Sep 2015 The Case for Lifting Ex Ante Regulation of Wholesale Local Access in the Netherlands PDF

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The ACM proposed regulation of wholesale access provided by KPN in March 2015. Following the expression of serious doubts by the European Commission in a letter of 30 April 2015, the ACM revised its draft decision in July 2015, but nevertheless concluded that KPN has SMP and proposes price controls on copper loops, fibre to the cabinet (VDSL) and fibre to home (FttH).
In this paper we consider the appropriate form of market governance given national competition from cable, a rapid transition from copper loops VDSL and FttH and the development of voluntary access terms including long-term (seven year) agreements with key access seekers.
The ACM have concluded that no player has single dominance and that there is no joint dominance. We agree with this conclusion. The relevant question is then is whether the market would remain effectively competitive absent regulation.
Absent regulation we conclude that the market would remain competitive, that joint dominance would not arise and that KPN would provide open access. Our reasons for this conclusion are as follows:
● The access market is competitive and dynamic with KPN deploying new technologies including VDSL and FttH, the cable networks expected to deploy DOCSIS 3.1 in 2016, and over-the-top providing an additional source of competition in relation to applications including voice and content.
● The market for voice communication would be competitive absent regulation and the business and residential and business access markets can be considered separately.
● It is in KPNs interests to provide open access on commercial terms in order to compete effectively with cable. In July 2015 KPN announced long-term agreements regarding VULA access for VDSL with Online, Tele2 and Vodafone. KPN also offer active access to FttH on voluntary terms. These products are used by many WBA customers and there are long-term agreements in place in some cases.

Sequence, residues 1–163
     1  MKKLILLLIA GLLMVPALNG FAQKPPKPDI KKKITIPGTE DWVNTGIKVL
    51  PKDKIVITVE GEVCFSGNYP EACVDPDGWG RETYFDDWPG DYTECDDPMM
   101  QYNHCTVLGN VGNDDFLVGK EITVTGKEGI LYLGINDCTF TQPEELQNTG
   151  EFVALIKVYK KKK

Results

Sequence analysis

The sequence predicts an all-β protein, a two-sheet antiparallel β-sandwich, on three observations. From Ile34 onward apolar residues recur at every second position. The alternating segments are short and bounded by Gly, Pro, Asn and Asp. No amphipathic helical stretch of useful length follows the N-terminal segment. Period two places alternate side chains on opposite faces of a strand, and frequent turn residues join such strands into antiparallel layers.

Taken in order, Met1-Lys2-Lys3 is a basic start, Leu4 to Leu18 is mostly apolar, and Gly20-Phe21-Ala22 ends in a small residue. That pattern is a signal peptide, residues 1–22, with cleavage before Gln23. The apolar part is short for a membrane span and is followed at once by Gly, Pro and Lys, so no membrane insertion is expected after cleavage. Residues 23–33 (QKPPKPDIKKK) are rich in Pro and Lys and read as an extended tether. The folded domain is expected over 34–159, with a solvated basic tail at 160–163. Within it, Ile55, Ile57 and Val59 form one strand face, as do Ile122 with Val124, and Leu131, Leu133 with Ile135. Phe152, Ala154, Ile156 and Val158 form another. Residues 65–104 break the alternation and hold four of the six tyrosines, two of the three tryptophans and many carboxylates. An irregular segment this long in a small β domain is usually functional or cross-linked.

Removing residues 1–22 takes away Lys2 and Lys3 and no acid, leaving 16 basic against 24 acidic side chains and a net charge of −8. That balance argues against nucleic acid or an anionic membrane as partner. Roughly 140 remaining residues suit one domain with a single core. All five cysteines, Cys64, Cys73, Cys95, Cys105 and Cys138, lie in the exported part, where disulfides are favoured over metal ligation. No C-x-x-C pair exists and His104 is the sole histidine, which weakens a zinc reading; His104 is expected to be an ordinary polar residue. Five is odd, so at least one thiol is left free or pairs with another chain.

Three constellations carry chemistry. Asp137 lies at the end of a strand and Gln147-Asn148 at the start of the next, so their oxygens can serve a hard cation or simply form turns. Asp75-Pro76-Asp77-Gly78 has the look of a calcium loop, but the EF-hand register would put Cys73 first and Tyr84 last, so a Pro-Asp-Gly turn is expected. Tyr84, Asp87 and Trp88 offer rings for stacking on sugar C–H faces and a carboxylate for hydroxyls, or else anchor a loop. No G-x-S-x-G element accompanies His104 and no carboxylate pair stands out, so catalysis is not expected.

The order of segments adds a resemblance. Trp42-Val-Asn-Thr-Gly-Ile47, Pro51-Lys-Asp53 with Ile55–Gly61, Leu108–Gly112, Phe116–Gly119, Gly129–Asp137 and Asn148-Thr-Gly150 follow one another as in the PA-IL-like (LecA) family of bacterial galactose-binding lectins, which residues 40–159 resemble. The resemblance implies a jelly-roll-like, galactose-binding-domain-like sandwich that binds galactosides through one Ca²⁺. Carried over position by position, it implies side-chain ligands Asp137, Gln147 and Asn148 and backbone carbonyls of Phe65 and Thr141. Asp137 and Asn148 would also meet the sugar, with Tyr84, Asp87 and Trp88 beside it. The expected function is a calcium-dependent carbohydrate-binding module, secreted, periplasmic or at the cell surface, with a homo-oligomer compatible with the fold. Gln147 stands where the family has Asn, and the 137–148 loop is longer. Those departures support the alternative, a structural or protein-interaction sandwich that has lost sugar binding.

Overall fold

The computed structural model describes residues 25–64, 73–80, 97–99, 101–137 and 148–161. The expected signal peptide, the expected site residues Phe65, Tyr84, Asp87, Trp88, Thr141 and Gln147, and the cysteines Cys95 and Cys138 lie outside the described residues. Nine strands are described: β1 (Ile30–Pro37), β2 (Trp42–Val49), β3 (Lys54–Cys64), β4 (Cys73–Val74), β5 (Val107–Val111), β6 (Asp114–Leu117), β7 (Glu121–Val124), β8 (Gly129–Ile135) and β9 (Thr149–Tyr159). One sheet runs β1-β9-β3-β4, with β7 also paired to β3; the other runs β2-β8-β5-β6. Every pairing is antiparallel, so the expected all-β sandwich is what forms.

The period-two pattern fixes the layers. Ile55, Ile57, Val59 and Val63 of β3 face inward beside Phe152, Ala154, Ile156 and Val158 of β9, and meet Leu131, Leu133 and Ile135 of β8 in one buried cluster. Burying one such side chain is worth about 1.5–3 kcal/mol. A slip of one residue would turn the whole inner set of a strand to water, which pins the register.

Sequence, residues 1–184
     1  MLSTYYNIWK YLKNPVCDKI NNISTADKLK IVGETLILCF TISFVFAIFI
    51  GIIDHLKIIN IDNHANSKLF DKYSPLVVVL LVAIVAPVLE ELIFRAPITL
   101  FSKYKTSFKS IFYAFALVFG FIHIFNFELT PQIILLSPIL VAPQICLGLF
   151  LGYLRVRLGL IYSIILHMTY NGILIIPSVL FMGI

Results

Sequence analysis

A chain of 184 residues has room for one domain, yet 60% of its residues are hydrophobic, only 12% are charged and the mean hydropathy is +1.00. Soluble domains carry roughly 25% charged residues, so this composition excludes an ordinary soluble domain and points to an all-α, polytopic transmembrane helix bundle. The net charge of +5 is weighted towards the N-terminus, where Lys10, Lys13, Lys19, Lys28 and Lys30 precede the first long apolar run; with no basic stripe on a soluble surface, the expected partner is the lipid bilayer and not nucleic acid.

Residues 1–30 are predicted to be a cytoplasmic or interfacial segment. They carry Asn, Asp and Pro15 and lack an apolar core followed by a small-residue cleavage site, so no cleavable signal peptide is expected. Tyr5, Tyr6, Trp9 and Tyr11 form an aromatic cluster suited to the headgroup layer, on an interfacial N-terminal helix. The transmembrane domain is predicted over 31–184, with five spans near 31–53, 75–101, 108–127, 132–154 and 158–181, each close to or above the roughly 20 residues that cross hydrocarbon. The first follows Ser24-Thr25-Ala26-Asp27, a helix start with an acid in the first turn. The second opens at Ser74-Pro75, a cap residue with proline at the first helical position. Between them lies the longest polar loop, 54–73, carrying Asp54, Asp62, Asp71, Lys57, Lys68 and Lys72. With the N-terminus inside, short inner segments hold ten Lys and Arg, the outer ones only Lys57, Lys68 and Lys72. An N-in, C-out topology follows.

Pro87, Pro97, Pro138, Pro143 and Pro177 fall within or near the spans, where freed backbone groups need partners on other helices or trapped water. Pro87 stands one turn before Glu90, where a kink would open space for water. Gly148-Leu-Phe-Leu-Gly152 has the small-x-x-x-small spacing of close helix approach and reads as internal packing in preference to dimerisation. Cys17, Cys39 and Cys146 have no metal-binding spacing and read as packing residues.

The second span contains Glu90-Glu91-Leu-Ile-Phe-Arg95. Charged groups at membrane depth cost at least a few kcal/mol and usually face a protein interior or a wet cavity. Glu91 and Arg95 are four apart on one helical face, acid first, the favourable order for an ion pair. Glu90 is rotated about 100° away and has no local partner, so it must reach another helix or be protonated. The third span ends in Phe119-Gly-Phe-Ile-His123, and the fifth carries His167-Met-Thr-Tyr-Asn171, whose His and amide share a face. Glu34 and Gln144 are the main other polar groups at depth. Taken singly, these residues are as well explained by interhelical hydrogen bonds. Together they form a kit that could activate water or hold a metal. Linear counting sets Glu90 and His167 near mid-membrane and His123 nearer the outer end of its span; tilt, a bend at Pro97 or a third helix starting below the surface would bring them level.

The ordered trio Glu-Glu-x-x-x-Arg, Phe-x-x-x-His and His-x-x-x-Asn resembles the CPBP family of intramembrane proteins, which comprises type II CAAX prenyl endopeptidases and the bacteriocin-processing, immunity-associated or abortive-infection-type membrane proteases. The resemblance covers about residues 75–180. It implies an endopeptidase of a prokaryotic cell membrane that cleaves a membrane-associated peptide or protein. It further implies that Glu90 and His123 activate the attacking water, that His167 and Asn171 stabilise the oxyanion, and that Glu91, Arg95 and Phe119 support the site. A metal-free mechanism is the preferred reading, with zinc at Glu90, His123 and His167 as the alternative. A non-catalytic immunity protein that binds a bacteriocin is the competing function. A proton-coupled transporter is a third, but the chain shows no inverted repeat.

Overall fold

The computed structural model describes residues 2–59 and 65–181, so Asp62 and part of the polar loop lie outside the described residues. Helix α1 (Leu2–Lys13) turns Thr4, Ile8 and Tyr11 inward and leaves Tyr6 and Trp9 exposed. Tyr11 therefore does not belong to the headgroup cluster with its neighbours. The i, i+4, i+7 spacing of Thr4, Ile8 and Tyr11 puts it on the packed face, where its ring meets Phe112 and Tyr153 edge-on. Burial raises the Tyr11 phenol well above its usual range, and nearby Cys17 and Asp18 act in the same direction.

● A rapid transition from copper loops to VDSL and fibre is planned (and facilitated by the agreements). Copper loop prices will therefore have limited relevance for a short transitional period. If concern remained regarding copper loop prices they could be subject to a safeguard cap.
● The ACM would, absent ex ante regulation, continue to monitor market developments and, as required, conduct market reviews. The market will be subject active to ex post supervision.
We therefore conclude that joint dominance, and harm arising from joint dominance, is unlikely to arise. Coupled with this conclusion we consider that voluntary agreements are likely to be superior to ex ante price controls as a form of market governance on investment and competition grounds.
In relation to investment long term voluntary agreements provide greater predictability and commitment whilst also allowing greater scope for efficient pricing. In relation to competition, improved prospects for investment will act as a competitive spur whilst flexibility to adapt allows KPN and downstream retailers to compete more effectively with cable. If anything, competition would in our view be more vigorous absent ex ante regulation.
We therefore propose that access regulation be lifted and that the ACM focus on ex post supervision. This transition may be facilitated by a strategic review of the functions and organisation of the ACM given the required change in role from price setter to market supervisor.


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